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Evolutionary Psychology

Evolutionary Psychology

Evolutionary psychology is an area that is still quite small, but that is rapidly growing. It argues that much of our psychology develops because of our genes, which were in turn passed down to us from our ancestors over millions of years of evolution. Because of this, we are biologically prepared to act in certain ways. It is a branch of biological psychology. To begin understanding this approach to psychology, we should start with Darwin’s theory of evolution itself. In this idea, there are slight variations between parents and their offspring in their genetic makeup. These variations are very minor between each generation, but over time can become more and more pronounced. This is due to natural selection. Those with the traits that help them most to survive live to pass on these traits to their offspring. An example of this is when more muscular cavemen may have been more likely to survive and pass on their genes to children, while weak cavemen may have been killed by the dangerous prehistoric environment very quickly. This means that the muscular genes are more likely to be passed on, and so over time humans may have grown much taller and more muscular. Those with variations that make them more attractive to the opposite sex may also have a biological advantage.

Not all of our design is due to successful adaptations. Some characteristics will be by-products of successful adaptations, while some will still just be random and due to chance. Evolutionary psychology works on the same principles as standard evolutionary science but focussing on how the mind has developed due to natural selection. The Standard Social Science model to psychology disagrees with the ideas of evolutionary psychology, suggesting that while there are some reflex actions that are biologically inherent, in general we are completely determined by what we learn during our own lives. Evolutionary psychology obviously argues for a much bigger role of biology than this in determining a human’s personality.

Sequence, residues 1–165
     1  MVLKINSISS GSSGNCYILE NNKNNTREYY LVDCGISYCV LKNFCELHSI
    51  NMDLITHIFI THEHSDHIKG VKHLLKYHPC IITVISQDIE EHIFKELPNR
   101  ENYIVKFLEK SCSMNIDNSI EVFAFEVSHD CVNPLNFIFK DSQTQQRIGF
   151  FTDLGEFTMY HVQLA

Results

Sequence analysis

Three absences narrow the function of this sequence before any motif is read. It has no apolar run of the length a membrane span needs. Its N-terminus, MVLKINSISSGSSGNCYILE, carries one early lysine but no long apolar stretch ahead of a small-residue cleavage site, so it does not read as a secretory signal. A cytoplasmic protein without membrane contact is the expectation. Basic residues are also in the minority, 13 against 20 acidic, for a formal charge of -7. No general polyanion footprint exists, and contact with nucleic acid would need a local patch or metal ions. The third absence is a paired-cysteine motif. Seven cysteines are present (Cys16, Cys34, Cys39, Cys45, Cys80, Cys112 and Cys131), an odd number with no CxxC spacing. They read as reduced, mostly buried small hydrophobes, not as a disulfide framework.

For those who agree with evolutionary psychology, there is the belief that modern people really have a ‘stone-age mind’, since this stage of history is when evolution would have been taking place, and as it takes thousands of years, we are still living with the minds of cave-men, and we will be best adapted for living their life-style, instead of our own perhaps. Evolutionary psychologists believe that each individual module in our brain is designed for a specific reason. Language has developed over time to improve communication, which may be beneficial for our safety and for stopping us from killing each other. Those in the past who could communicate better would have avoided disputes more easily, so they could survive to pass on these genes. Our ability to perceive colour in our environment may be related to the fact in helped us to hunt and to avoid predation. Sometimes our evolution has mismatched us for our current environment though. For example, it may be the reason for some phobias. Spiders may have been important to avoid in prehistoric times, but now having phobias of them can be a hassle more than anything else.

Evolutionary psychology seems like a strong theory and approach, and it provides a rigid structural framework for explaining many biological elements of our psychology, however one problem is that, unlike social psychology, evolutionary psychology cannot tell us how to change our behaviour. It only tells us why we are the way we are, and almost suggests that it cannot be changed, since it is such an integral part of our personality. For this reason, this area must be integrated with others in order to have a positive effect in the real world. 


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